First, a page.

Are today’s youth even more self-absorbed (and less caring) than generations before?
Have kids today stopped caring about others?
Posted June 5, 2010
Earlier this week
Earlier this week, Sara Konrath, a researcher at the University of Michigan Institute for Social Research, released her results on a study analyzing and comparing empathy among college students over the last 30 years. The results? The "biggest drop in empathy" in recent history. She writes, "College kids today are about 40 percent lower in empathy than their counterparts of 20 or 30 years ago."
Earlier this week
In related survey research, psychologist Jean Twenge has labeled the current generation of young people the "iGeneration," or "Generation Me". In her books she describes how young people today "take it for granted that the self comes first," and has labeled this time a "narcissism epidemic," stating that we are "living in the age of entitlement." Konrath and O'Brien link the self-absorption and lack of empathy together, calling the current generation "one of the most self-centered, narcissistic, competitive, confident and individualistic in recent history... It's not surprising that this growing emphasis on the self is accompanied by a corresponding devaluing of others."
There are some who argue that this description fits most teens and young adults and is appropriate to some degree for everyone in this developmental phase of life. However, both researchers compare similarly aged kids from other generations and the difference is striking.
This difference raises the question of why? Researchers Konrath and O'Brien hazard a few guesses, most related to the increase in exposure to and use of media. For example, many in this current generation have had repeated lifetime exposure to violent video games and films, and there is a growing body of research suggesting that violent video games (and perhaps films) are a cause of increased aggressive behavior, thoughts, and feelings, and a decrease in empathy and prosocial behavior across both gender and culture. Additionally, the researchers surmise that the ease of having (and ignoring or dumping) online "friends" may make it easy to tune out when they don't feel like responding to the distress of others, and may carry over offline as well. They also add that the inflated expectations of success fueled by "reality shows" creates a social environment that encourages self-focus and works against slowing down and listening to someone who needs a bit of sympathy.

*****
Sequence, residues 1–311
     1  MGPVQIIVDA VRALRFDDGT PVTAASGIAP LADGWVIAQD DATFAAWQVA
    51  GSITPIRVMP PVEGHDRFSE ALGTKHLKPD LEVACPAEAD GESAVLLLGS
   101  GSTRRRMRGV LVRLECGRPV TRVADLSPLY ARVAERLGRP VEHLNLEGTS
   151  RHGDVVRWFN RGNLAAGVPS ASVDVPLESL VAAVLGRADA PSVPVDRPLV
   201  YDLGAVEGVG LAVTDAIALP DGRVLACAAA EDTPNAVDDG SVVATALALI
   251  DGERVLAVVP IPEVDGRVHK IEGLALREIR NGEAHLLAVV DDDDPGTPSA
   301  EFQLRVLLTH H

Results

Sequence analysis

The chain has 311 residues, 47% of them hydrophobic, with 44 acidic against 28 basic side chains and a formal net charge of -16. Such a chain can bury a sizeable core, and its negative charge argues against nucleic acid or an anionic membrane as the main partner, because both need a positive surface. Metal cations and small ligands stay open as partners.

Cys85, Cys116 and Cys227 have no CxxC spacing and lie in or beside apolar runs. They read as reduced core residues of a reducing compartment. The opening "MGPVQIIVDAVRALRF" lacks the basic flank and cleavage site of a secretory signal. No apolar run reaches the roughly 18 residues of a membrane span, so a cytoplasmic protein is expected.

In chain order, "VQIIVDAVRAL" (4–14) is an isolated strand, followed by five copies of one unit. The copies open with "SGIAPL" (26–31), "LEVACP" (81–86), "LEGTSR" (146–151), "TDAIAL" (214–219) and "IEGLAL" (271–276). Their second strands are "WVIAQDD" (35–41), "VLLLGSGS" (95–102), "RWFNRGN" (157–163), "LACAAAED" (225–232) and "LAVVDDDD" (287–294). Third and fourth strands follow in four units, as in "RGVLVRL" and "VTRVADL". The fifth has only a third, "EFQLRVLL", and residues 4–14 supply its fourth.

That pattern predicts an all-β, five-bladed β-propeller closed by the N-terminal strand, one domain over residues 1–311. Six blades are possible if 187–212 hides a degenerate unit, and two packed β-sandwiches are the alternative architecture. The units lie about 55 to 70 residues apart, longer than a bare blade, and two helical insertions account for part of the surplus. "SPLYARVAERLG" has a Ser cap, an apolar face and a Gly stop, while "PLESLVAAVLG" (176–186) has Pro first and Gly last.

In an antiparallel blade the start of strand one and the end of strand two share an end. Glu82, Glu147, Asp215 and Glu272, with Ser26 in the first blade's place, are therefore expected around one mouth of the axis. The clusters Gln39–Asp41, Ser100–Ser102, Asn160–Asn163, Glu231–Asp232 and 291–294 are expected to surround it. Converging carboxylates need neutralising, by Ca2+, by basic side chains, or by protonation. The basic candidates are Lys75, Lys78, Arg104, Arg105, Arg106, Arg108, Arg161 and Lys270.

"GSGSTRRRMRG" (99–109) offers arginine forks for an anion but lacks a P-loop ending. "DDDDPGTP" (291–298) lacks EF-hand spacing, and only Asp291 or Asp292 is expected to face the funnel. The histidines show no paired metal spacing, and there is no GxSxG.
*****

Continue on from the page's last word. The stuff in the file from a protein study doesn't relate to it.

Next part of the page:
Obviously, any statements about an entire generation are not true of every person in that generation. Clearly there are young people today who are deeply empathic and caring. But the general trends and statistics are alarming, and it would behoove those of us in a position to influence today's youth to pay attention and be proactive about it while we can. Paying attention to the forces that influence children and young people so that they can grow up to be empathic is not only better for them, but ultimately better for us all.
photo: Maybe they aren't all bad: these college kids have just donated the clothing off their back. (Erich Schlegel/AP Images for AXE)